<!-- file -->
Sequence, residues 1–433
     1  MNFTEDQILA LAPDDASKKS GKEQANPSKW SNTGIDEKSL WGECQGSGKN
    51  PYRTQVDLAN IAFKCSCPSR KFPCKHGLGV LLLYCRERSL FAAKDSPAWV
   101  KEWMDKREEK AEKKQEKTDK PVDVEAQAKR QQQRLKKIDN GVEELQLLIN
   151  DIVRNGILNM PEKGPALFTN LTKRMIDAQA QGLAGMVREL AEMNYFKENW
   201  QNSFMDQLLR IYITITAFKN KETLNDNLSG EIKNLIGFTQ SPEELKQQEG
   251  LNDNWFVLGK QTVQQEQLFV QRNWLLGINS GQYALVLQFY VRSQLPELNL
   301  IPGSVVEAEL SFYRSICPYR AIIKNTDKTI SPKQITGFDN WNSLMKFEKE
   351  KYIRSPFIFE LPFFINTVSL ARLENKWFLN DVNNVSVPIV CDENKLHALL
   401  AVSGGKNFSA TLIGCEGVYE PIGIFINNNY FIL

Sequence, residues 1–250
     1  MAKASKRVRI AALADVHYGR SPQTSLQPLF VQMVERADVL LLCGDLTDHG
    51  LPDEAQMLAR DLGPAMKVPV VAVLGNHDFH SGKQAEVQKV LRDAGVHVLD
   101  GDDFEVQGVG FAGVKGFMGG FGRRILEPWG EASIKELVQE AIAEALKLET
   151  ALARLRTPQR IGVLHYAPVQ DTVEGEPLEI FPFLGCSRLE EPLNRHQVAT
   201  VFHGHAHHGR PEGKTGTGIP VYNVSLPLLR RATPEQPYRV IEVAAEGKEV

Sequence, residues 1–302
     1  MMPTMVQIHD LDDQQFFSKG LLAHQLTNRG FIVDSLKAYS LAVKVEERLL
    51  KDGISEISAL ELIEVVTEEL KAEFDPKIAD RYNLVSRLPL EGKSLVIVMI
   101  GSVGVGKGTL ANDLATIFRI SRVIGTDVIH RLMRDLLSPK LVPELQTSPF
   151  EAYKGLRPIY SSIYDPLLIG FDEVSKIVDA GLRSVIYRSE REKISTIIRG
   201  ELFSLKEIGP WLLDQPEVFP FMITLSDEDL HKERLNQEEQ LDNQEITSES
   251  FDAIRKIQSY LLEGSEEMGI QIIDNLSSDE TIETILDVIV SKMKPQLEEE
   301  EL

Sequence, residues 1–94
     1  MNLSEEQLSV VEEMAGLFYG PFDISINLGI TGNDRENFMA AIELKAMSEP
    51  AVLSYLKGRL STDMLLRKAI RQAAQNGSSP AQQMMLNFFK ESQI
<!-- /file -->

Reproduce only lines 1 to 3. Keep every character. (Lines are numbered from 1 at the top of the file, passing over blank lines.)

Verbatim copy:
Sequence, residues 1–433
     1  MNFTEDQILA LAPDDASKKS GKEQANPSKW SNTGIDEKSL WGECQGSGKN
    51  PYRTQVDLAN IAFKCSCPSR KFPCKHGLGV LLLYCRERSL FAAKDSPAWV